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What makes a good female character? Because I have now done several posts on potentially good female characters undermined by various factors (in my opinion), I’ve decided to try to map out what I think makes a good, solid female character. To be honest, it’s a difficult question. There may be some characters I bring up as good examples that you will disagree about, but I will try to pinpoint the actions and characteristics that bring them to a realistic and strong level.

Original book series

She accepts or ends up accepting herself for everything that she is and isn’t. 

Great example: Yoko Nakajima from The Twelve Kingdoms by Fuyumi Ono

“A young girl who is pushed beyond her limits physically, emotionally, and mentally” –Tokyopop

Yoko Nakajima is a 16-year-old honor-role student from Japan who tries to please. She tries to please her parents, her teachers, and her fellow classmates, but in the process,  isn’t really honest with herself or others. But through a series of events, Yoko is taken to another world where suddenly, she is under attack by demons and confront espionage, terror, betrayal, and herself on a harrowing journey.

Yoko’s story is a brilliant mix of action and psychological adventure. She is lost in this new, strange world and travels alone for good stretches of time where she has a lot of time to think. She’s forced to confront her fears and doubts, not to mention how she behaved previously. However, instead of letting that destroy her, Yoko becomes stronger by realizing her mistakes and not letting her fear defeat her.

The other great thing about Yoko is that despite being utterly lost in this other world, she isn’t helpless. She figures a lot out on her own and, although it’s a skill bestowed upon her, Yoko fights off the demons after her by herself.

Here’s how the author of The Twelve Kingdoms series, Fuyumi Ono says she created the story and character of Yoko Nakajima:

Many of my readers end up writing to me and they often share their personal

Anime adaptation which I also recommend

problems. I was never able to write back to them, so instead, I wrote Sea of Shadow. As for the events that befall Yoko, I feel that all people end up experiencing, to a greater or lesser extent, the kinds of mental and emotional trauma that Yoko does as they grow and establish themselves in the world. – Fuyumi Ono (Interview with Tokyopop)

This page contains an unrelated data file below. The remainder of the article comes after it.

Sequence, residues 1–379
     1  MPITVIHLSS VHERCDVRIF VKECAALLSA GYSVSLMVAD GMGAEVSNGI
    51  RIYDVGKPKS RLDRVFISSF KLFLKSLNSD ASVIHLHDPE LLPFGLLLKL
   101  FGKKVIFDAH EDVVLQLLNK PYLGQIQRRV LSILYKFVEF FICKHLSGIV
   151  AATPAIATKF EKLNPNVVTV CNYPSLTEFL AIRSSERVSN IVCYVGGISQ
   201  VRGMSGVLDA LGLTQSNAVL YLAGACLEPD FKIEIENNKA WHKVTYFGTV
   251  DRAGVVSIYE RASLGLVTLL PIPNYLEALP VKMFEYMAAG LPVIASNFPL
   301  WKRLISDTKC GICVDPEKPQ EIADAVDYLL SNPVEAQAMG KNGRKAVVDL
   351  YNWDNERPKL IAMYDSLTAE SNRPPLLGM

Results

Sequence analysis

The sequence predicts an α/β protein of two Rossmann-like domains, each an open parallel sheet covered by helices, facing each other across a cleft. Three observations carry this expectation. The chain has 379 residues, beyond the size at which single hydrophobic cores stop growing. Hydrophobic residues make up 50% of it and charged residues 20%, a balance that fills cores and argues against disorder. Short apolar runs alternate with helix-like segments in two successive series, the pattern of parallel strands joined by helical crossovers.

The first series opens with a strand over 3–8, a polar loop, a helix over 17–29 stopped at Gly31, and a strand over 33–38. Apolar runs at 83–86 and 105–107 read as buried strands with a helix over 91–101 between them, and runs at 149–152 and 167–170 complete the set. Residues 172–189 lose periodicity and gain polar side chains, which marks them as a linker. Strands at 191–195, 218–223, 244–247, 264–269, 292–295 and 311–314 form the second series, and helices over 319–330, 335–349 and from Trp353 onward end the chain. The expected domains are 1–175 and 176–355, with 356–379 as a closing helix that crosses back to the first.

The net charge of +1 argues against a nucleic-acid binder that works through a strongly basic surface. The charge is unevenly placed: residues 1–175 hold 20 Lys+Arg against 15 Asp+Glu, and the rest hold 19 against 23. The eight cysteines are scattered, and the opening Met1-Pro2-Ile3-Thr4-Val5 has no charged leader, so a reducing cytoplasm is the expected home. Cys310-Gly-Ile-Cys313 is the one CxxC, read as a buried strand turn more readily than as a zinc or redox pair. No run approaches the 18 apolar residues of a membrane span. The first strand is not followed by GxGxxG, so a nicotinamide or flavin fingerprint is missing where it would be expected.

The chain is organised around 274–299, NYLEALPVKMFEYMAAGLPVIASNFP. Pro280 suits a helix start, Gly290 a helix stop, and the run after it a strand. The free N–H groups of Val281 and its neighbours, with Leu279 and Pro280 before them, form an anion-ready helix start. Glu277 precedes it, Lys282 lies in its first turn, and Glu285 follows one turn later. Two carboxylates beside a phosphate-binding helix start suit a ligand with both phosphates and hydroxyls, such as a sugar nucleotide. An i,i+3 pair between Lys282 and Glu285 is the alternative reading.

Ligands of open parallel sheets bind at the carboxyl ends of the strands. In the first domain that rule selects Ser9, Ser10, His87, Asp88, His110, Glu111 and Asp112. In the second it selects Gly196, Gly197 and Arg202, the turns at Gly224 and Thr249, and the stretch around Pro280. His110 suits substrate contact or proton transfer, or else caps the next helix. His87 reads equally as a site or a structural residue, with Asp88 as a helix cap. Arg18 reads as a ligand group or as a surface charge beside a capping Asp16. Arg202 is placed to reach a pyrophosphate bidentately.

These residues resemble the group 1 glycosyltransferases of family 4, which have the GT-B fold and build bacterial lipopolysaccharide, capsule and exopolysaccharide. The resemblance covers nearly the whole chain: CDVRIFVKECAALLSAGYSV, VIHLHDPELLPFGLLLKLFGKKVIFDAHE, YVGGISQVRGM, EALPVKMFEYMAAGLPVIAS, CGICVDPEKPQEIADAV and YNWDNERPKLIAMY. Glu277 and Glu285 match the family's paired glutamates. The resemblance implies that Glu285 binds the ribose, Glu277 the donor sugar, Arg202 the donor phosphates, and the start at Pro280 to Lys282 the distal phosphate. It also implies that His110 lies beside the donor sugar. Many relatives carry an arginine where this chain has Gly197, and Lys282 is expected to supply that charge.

She can think and decide things independent of the influence of society or other people, is intelligent, and an equal.

Great example: Elizabeth Bennet from Pride & Prejudice by Jane Austen

“Do not consider me now as an elegant female, but as a rational creature speaking the truth from her heart.” – Elizabeth Bennet

Elizabeth Bennet is her own person and not afraid to show it. She’s intelligent and witty and isn’t wholly concerned with marriage. She also “demonstrates her intelligence by acknowledging that marriage does not always bring happiness.” (College Term Paper) That’s part of what makes Elizabeth Bennet different to me compared to other heroines in romance novels, but that’s not all.

BBC adaptation which I highly recommend

Whenever I pick up a romance, whether it’s just my bad luck or a trend, the heroine rambles on about how she’s not worthy to have such a fine man, etc. While there is a point when Elizabeth realizes Mr. Darcy is a better man than what she first judged, she never wallows in feelings of inferiority. Even when they were picking at each other, it was an enjoyable banter of equal wit. Also, I appreciated that the two become friends first before it turns into a romance.

As for Darcy coming to Elizabeth’s family’s rescue, it’s a period piece written at a time when women would not have the financial power to handle that issue even if they wanted to. It just wouldn’t be realistic. Furthermore, the way Darcy handles it is not with a big ego and sense of superiority, but with love and a bit of awkwardness or embarrassment.

She plays an important role in the story (whether she’s the main character or not) and is not limited to love interest.

Great example: Hermione Granger from Harry Potter by J.K. Rowling

“Just because you’ve got the emotional range of a teaspoon doesn’t mean we all have.” – Hermione Granger